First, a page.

The proposal to use the extraordinary surveillance powers of the NSA and Defense Department raised legal and ethical concerns, according to the Washington Post, which characterized the allegations of foreign interference, including by China and Venezuela, as “fantastical claims.”


Cramer said he wasn’t convinced by the arguments presented at the meeting. Cramer said he was asked to try to persuade Trump to use the NSA and military intelligence capabilities to search for proof of foreign interference in the election.

"They wanted me to bring this directly to the president," Cramer told The Forum. Because Powell was present at the meeting, Cramer said he was confused why he was asked to speak to Trump to get his support for the plan.

"I was surprised at how little she did say," Cramer said, referring to Powell.

"I did nothing with it," Cramer told The Forum. "Neither did the president, as we know." The plan discussed at the meeting and in the memo was never carried out.

Cramer said he told Trump supporters who were challenging Biden's victory to present proof, such as a list of names of dead voters who voted for Biden, as some Trump supporters were claiming happened.

"Just show me the names of some dead people," he said, recalling his comments at the time.

"There was a lot of effort that went nowhere, quite honestly," Cramer said. He said he remains skeptical that a president or vice president has the legal authority to prevent the certification of the electoral vote in a presidential election.

Specifically, Cramer said he finds nothing in the Constitution that would give that authority to a president or vice president.


Cramer said he is open to proposals to clarify the Electoral College Act to remove any ambiguity. Amendments to the law that dates to the late 1800s have some bipartisan support, including from Sen. Mitch McConnell, the Republican leader in the Senate.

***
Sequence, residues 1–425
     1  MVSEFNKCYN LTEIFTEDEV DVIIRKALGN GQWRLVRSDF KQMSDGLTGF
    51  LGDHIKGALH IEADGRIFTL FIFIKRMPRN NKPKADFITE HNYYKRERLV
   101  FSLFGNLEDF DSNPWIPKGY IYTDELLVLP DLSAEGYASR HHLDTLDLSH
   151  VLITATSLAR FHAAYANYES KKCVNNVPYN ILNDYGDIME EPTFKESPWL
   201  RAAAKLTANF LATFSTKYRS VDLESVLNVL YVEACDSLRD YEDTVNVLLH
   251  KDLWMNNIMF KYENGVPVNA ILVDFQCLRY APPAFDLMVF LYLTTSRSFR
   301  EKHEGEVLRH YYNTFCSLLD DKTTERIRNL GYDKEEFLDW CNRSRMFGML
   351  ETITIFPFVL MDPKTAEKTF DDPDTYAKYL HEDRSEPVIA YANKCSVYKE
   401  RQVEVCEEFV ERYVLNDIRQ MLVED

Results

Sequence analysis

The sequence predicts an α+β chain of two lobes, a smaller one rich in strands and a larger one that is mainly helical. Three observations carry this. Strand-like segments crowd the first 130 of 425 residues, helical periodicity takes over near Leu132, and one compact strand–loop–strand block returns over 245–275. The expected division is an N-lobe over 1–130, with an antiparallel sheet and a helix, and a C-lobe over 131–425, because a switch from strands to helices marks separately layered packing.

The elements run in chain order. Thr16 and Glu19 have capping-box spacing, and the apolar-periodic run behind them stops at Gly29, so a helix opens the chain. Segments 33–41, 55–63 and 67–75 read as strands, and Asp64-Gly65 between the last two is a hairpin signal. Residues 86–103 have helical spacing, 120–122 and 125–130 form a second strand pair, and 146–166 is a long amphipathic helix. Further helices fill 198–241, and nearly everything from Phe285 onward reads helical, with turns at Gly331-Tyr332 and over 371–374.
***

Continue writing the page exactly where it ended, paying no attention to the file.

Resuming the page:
"I like to simplify complicated things," Cramer said of the Electoral College Act. "Why isn't it clear already?"

Although Cramer said he hasn't seen evidence that would alter the outcome of Biden's victory, he said he was concerned about voter accommodations, including allowing voters to cast their ballots by mail, that were made because of the COVID-19 pandemic, sometimes by executive action rather than legislation. Although the purported reason was to enable voters to avoid crowded polling places, it could have resulted in less secure voting, Cramer said.

Echoing remarks by Cramer, Lindell told the Post that the effort was intended to give senators more time to turn determination of the presidential election back to the states in the hope of keeping Trump in office.

Ultimately, the system worked and Biden is president, Cramer said. As a result, he still has faith in the American system, but supports efforts by states including Georgia to change election laws.

"I'm not overly worried about it," Cramer said. "We've had tumultuous times in the past," including the recount dispute over the vote in Florida in the race between George W. Bush and Al Gore in the 2000 election.

"At the end of the day the Constitution prevailed," Cramer said, adding that he attended Biden's presidential inauguration.

Patrick Springer first joined The Forum in 1985. He covers a wide range of subjects including health care, energy and population trends. Email address:
Phone: 701-367-5294